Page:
Here are three commonly used words that describe people. In my mind, they have a negative influence on the way we think about the folks we work with.
Consumer. Isn’t that a horrible word when used to describe people? How about something a little more respectful like customer? When I am a consumer, I am merely consuming goods and services in the same way that a car consumes gasoline, but as a customer I actively buy goods and services.
User. Being in the software development business, this word is used frequently to describe the good folks who work with (and purchase) our software, hardware, and technology products. In a previous life, I worked as a therapist in outpatient alcoholism and drug abuse treatment centers. User is what we called the people coming through our doors.
End User. Obviously a variant on user. Isn’t a bit redundant though to call a person an end user? If there is an end user, it would seem likely then, that somewhere there must be a beginning user.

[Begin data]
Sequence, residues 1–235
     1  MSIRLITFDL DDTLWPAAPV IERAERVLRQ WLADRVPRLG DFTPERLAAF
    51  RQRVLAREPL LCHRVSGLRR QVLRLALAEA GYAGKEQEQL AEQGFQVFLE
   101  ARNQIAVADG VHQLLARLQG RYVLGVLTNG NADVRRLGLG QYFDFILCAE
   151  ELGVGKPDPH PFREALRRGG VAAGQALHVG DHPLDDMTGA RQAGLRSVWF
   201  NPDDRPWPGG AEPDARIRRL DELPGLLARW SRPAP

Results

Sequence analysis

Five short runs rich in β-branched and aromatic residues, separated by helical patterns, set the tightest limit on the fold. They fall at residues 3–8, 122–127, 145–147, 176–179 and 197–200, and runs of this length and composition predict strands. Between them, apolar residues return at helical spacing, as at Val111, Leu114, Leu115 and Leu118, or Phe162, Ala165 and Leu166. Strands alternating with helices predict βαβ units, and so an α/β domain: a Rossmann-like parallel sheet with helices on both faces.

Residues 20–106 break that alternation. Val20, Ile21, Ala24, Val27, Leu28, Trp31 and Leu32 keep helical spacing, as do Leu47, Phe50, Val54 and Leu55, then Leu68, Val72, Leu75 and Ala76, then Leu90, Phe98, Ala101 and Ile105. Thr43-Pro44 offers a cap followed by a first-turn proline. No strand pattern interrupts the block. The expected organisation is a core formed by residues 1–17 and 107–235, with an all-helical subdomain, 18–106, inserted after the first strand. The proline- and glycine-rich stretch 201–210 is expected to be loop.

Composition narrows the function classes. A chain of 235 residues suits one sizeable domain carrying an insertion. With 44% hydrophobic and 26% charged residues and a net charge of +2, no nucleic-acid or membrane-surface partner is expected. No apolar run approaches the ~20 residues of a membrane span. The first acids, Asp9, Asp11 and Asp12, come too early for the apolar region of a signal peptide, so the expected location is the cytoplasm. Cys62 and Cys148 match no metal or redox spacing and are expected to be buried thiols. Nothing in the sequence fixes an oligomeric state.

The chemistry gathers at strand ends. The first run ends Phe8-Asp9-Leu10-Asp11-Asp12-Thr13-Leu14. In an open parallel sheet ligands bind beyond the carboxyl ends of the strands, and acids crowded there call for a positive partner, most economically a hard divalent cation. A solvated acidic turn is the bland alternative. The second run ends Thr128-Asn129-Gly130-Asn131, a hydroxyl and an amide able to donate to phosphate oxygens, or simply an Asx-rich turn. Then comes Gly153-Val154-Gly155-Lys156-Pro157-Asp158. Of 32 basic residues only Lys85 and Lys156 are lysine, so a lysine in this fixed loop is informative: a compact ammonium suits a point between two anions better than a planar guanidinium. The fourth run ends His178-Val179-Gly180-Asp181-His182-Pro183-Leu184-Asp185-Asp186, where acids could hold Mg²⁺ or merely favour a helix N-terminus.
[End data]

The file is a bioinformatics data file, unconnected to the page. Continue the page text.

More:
Words like these depersonalize people, coloring the way some folks think about others. When we use language that accurately reflects who we do things for, it is more likely our software, customer service (think carefully about the meaning of those two words), and products will be designed to serve the “real people” who work with our stuff on a daily basis.
Those of you out there who are end users of my blog are welcome to comment. Being the consumers that you are, please suggest other words of the same genre.